Minnesota pastor helps bring Ukrainian youth soccer players to USA Cup
The Target USA Cup is underway in Blaine, with more than 950 teams competing, including athletes who traveled from war-torn Ukraine to compete. As the Ukrainian athletes arrived at Minneapolis-St. Paul International Airport on Thursday, Pastor Peter Wohler was waiting to greet them.
He spent months working to bring the team to Blaine for the competition.
“We just stepped forward and said, we can do this,” said Wohler.
He has spent several decades providing outreach in Minneapolis as the executive director of the organization Source. Wohler watched with pain, as so many others did across the world, as Russia invaded Ukraine.
“I couldn’t get it off my mind, it woke me up at night at times,” he said. “There’s a quote that basically says, ‘Evil persists when good men do nothing,’ and there’s just a bully on the block. We could maybe ignore it 30 years ago, but we live in such a global world now, and there’s an injustice that’s happening.”
As a soccer coach, he knew the USA Cup was returning to Blaine this summer and focused his efforts on helping young Ukrainian athletes.
“I know there’s international teams, could we possibly get a Ukraine refugee team of kids to come for the USA Cup? Simple idea, but obviously very hard to have that happen,” said Wohler. “I contacted some missionary friends in Europe, and they kind of threw it out to a few of their connections.”
Through his network overseas, Wohler connected with Pastor Rudolf Balazhinec.
“He called for his friend in Switzerland, and his friend called his friend from Poland and Korea, and this guy from Korea came to our warehouse,” explained Balazhinec, who is also a youth soccer coach. “It’s a miracle how he found us.”
Balazhinec operates a warehouse in Uzhhorod on Ukraine’s western border, which is where he’s from. He coaches the FC Minaj U16 team.
“I said it’s not possible, 100%, for that many people to get visas,” he said.
Balazhinec explained his 23-member team is from across Ukraine.
“Some of them were really close to the war, one hour from the Russian border,” he said. “My soccer player’s parents — one parent is in the war. A lot of them are volunteers, a lot of them are in really dangerous places.”
Some of his athletes were forced to evacuate their homes and got out just before the war started, according to Balazhinec. He welcomed them in Uzhhorod.
From his warehouse in the western city, he’s provided humanitarian relief across the country. He’s sent hundreds of tons of supplies through Ukraine while his evacuation teams have worked to rescue civilians from combat regions.
“We’ve lost so many civilian people,” he said. “The war is not a war, it is a genocide of Ukrainian nation. If you want a war, you fight with soldiers and go in a battle. This is genocide.”
Balazhinec and Wohler started meeting weekly on Zoom. As they worked on plans to obtain visas for the athletes and coaches, Wohler visited Ukraine. He brought bags filled with medical supplies and bulletproof vests.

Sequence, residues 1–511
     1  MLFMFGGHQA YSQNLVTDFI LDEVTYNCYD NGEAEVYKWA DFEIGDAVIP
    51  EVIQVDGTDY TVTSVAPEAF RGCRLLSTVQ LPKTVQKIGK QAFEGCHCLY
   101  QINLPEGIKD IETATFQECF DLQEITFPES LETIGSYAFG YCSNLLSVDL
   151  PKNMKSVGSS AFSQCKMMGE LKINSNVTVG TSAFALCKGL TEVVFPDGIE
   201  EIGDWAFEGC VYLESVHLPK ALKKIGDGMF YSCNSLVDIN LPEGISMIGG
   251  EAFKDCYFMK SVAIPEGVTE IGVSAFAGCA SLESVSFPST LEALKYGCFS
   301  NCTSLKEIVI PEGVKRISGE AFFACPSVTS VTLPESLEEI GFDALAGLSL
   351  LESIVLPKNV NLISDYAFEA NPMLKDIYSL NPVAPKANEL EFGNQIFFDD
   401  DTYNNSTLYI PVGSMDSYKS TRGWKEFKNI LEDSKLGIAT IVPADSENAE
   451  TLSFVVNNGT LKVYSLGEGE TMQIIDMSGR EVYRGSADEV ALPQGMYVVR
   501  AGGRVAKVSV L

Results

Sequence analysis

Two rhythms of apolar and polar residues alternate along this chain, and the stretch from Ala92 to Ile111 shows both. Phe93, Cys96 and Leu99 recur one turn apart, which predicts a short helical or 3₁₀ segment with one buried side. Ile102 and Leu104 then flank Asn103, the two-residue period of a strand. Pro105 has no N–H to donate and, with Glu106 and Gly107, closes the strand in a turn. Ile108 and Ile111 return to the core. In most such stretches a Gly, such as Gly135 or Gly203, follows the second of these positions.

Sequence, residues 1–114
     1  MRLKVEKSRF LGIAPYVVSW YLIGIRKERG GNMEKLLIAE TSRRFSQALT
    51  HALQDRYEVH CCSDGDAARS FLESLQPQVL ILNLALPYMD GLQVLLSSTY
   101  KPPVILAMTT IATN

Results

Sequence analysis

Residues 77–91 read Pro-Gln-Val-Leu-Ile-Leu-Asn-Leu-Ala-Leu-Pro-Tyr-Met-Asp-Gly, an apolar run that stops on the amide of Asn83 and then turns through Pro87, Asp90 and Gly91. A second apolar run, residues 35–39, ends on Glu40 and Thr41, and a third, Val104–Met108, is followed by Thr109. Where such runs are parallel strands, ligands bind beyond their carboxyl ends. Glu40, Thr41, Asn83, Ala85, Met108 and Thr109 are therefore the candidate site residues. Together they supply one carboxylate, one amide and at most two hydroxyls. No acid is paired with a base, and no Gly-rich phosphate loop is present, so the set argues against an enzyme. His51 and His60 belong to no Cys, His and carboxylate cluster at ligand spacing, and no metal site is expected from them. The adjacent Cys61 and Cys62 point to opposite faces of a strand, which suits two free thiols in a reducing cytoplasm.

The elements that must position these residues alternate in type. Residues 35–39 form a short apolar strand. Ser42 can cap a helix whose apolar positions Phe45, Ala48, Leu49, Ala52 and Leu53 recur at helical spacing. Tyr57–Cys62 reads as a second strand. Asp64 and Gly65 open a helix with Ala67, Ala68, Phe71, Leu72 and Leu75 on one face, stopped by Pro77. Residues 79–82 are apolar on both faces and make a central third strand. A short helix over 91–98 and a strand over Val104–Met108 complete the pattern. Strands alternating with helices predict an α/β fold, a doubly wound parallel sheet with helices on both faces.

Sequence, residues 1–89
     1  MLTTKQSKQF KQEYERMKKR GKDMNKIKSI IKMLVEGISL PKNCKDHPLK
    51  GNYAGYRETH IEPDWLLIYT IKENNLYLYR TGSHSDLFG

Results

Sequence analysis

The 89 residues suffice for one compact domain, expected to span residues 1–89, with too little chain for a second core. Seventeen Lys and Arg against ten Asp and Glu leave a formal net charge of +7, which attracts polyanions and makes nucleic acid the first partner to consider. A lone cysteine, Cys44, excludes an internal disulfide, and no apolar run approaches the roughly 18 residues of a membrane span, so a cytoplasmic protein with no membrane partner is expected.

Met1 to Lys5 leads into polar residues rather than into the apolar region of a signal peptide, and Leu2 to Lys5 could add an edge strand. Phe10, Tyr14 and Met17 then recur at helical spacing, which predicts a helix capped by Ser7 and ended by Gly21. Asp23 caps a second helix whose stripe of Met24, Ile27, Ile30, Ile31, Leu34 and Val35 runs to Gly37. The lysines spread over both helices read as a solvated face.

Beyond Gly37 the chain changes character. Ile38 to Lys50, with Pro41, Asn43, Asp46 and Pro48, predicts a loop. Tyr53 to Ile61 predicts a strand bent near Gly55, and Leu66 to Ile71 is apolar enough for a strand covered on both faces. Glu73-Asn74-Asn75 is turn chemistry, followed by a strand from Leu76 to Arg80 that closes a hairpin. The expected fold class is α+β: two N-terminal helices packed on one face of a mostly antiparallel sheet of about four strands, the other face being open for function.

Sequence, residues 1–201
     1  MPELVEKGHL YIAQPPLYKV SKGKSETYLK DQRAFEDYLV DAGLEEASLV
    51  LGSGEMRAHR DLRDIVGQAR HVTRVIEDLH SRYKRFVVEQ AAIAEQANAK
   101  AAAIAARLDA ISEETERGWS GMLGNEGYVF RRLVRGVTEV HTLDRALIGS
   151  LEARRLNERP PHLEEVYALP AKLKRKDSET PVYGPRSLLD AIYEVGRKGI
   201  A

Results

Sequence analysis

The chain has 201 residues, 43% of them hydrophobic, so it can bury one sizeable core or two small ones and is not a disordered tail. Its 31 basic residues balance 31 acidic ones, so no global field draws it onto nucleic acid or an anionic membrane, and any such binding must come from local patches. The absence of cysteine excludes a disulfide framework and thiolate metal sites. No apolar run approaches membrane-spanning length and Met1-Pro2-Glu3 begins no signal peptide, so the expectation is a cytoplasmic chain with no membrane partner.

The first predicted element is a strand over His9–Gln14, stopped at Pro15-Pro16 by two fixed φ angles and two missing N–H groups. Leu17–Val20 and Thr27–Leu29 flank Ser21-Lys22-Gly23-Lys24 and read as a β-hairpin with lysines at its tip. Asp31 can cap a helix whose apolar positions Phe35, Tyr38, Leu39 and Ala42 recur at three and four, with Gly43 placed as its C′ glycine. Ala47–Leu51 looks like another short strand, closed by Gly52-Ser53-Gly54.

“They’re willing to be the boots on the ground [and say] ‘Give us stuff because we’re in need, but we’ll go and deliver it,'” explained Wohler. “That was the passion I saw, and so that group of people was just amazing, and I’ve never experienced anything like that. It was an honor and a privilege just to be a fly on the wall for that. I just left there in 10 days feeling like I not only had friends but very special family.”
By the end of June, Balazhinec’s team received the visas they needed to enter the United States. An additional 10 Ukrainian girls who were scattered across six countries and who are competing in the USA Cup also received visas. Family members are accompanying some of the athletes.
“These kids got 10-year visas,” said Wohler. “I didn’t realize how much it meant until seeing these kids’ reactions in the last two days. When they told their fellow citizens in Ukraine, ‘we got 10-year visas’, it was just like this can’t be. These kids are 13 through 16, so they’re thinking about the future.”
Balazhinec calls it a miracle.
“It’s amazing to bring 50 to 55 people to the U.S. in wartime,” he said. “It’s a blessing.”
The trip is bringing them some relief from the horrors of war. Balazhinec said he is still able to hear the air raid sirens, even though he’s now thousands of miles away.
“For me, it was really weird to fly in an airplane,” he said. “All of us have a trauma, each of us – me, my wife, my kids, each of us has trauma.”
Balazhinec told 5 EYEWITNESS NEWS Americans had welcomed the team as family.
“All of the boys are feeling like a home – everybody cares,” he said. “Everybody says ‘Support Ukraine,’ ‘Pray for Ukraine.’ I’m really encouraged that the world is still supportive.”
During their 19-day visit, Wohler said they would take the team to visit Valley Fair, Duluth, and Gooseberry Falls, a Twins game, and a Loons game.
“For them to know that many, many, many people care is significant,” said Wohler. “We can’t mend all of the traumatic pain that’s happening, but we can do a little bit. We can share love.”
The Ukrainian refugees will also have the opportunity to share first-hand accounts of the war.
For a full calendar of events, you can text UkraineYouth to 91999.